Plenty of golfers have a chance entering final round of the 2010 PGA Championship
Saturday, August 14, 2010; 8:28 PM
Mass confusion reigned at the PGA Championship - and so did the masses. For two days fog and wind had ruled at Whistling Straits; Thursday's first round wasn't finished until after lunchtime Friday, and Friday's second round wasn't done until brunch on Saturday. But then the wind died, and the sun shone, and it was anyone's guess what would happen on Sunday, because the course was suddenly offering up free prizes to all comers.
Without mist to cloak it and breezes to protect it, the weaknesses of Whistling Straits were revealed. The 7,507-yard, par-72 course is a fearsome-looking thing, styled to resemble a wind-whipped Irish links course, but it's also got a gentle underside. "You wouldn't find a links course in Ireland that plays that soft," Rory McIlroy said earlier this week. Was there a predatory suggestion in the remark? Absolutely, judging by the way the 21-year-old Irishman has attacked the course for 17 birdies to stand in a tie for second place. Those petrifying mounds and jagged-edged bunkers? They turned out to be mostly tricks, toothless optical illusions. In the still afternoon heat, the players treated the course like a picnic spot by the lakeside. "It was nice out there today," McIlroy said casually.
The scoring flurries were too numerous to keep track of. There was leader Nick Watney, the 29-year-old northern Californian with a sweet swing and goofy smile, reeling off five birdies in the first seven holes for a 66 and total of 13-under-par 203, and fending off pursuers from various nations, including Germany and China. No disrespect to Wenchong Liang, 32, the only Chinese player in the top 100 in the world, but when a guy who had missed the cut in three of his four previous majors sets the course record with a 64 to move into a tie for fourth, you know that the layout has thrown its doors open.
Six years ago when Whistling Straits hosted the PGA Championship, it was gusty and punishing, roughing up eventual champion Vijay Singh for a 76 in the final round. But on Saturday Whistling Straits rewarded every kind of player, from the 26-year-old bomber and gouger Dustin Johnson to the precise 40-year-old veteran Jim Furyk.
Furyk was one of the few men in contention who has actually lofted a trophy ¿ none of the top six men on the leader board has ever won a major. He lacked the length to take as much advantage of the course as some others, but he hung around at 8-under 208 with sheer know how. He is expert in playing courses designed by Pete Dye, the man responsible for Whistling Straits's artful layout. Furyk lives in Ponte Vedra, Fla., near the Dye-designed Players Championship course at Sawgrass. By now he is familiar with Dye's penchant for creating intimidating optical techniques, and knows what to tune out from his peripheral vision.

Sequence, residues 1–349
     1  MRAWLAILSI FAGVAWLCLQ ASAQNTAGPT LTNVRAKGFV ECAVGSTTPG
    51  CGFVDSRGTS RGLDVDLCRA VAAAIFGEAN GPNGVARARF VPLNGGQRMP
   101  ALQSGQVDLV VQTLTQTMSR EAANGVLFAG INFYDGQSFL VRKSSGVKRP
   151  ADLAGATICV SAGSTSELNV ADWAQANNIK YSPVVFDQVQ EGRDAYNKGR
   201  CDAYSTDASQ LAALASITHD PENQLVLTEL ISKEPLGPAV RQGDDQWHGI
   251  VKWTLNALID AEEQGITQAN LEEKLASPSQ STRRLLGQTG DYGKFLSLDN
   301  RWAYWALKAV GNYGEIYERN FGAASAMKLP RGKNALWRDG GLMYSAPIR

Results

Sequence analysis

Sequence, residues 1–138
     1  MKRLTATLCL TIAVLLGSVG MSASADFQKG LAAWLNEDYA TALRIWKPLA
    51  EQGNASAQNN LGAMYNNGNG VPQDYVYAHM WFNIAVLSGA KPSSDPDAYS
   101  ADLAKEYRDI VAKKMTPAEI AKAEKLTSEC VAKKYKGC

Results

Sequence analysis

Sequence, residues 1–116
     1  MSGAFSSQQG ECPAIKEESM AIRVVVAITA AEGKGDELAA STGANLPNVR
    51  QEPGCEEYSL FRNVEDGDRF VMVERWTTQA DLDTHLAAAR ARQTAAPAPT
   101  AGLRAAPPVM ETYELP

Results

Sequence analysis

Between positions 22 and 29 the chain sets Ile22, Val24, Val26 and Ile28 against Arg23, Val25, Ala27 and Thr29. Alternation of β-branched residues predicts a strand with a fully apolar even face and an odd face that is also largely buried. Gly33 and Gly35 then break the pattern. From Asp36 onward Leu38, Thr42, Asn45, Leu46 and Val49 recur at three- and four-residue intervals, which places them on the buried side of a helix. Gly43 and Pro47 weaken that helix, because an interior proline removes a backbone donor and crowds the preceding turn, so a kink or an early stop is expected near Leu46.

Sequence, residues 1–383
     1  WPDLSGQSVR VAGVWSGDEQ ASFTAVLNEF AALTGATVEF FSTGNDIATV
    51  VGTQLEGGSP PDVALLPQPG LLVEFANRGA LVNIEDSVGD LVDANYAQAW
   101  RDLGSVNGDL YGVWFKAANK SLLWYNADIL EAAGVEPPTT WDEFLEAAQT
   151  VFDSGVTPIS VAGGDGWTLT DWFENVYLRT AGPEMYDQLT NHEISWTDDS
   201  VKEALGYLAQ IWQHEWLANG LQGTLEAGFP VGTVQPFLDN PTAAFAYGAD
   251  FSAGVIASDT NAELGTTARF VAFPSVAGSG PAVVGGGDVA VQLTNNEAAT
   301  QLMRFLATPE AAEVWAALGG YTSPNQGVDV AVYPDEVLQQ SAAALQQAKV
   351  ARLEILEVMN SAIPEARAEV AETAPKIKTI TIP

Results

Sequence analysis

"When you play one of his courses for the first time your eyes start going out this way and you're looking at all the trouble rather than where you're supposed to put it and sometimes it's hard to figure out," he said.
If there was a discernible trend or pattern on the leader board by the time the scrum-like third round was over, it was youth. The board was crammed with the names of ambitious young guns, twentysomethings who believe it's their turn to win a major, from McIlroy to Johnson to Martin Kaymer, the lanky 25-year-old German whose 67 put him at 9 under. "We're definitely moving forward, that's for sure," Johnson said.
The top two players in the world, Phil Mickelson and Tiger Woods, are each spraying the ball and dealing with off-the-course distractions, Mickelson his arthritis and his wife's cancer, Woods the dissolution of his marriage in a cheating scandal. As a result, we have experienced a cluster of first-time winners, from Y.E. Yang in last year's PGA to Graeme McDowell at the U.S. Open and Louis Oosthuizen at the British Open. It's surely tantalizing to the cadre of lean young players in their 20s who are showing so much potential but are still undecorated.
Watney has been knocking at the door all season, tying for seventh at both the Masters and the British Open. McIlroy has played in just six previous majors, but he has finished in the top 10 of three of them. Johnson held a three-stroke lead in the U.S. Open.
"The major championships have got a lot more wide open, it seems, in the last couple of years, the likes of Yang winning last year at the PGA, and Graeme and Louis," McIlroy said earlier this week. "So it would be nice to keep that trend going."
So far, however, when given a chance to hoist a trophy, the younger set have tended to blow up instead of breaking through. Everyone will be waiting for Watney to stumble the way Johnson did at the U.S. Open, when he collapsed with a final round 82. "I got maybe a little impatient, started moving a little too fast," Johnson said, "and tomorrow I'm really just going to focus on being patient and hitting quality golf shots."
If anyone can be termed a favorite in the group, it would have to be McIlroy. Before the British Open Tom Watson told the UK golf publication Golf Magic, "The kid's ready for a major." But McIlroy followed up a course record at St. Andrews with an 80, before finishing third. Has he learned enough patience yet? "There's going to be a lot of guys thinking that it's the right time for them to break through and I'm definitely one of those guys," McIlroy said before the tournament began. If the weather stays mild the young power hitter will have Whistling Straits's forgivingness in his favor. "I feel as if I'm playing well enough to really give it a good go," he said.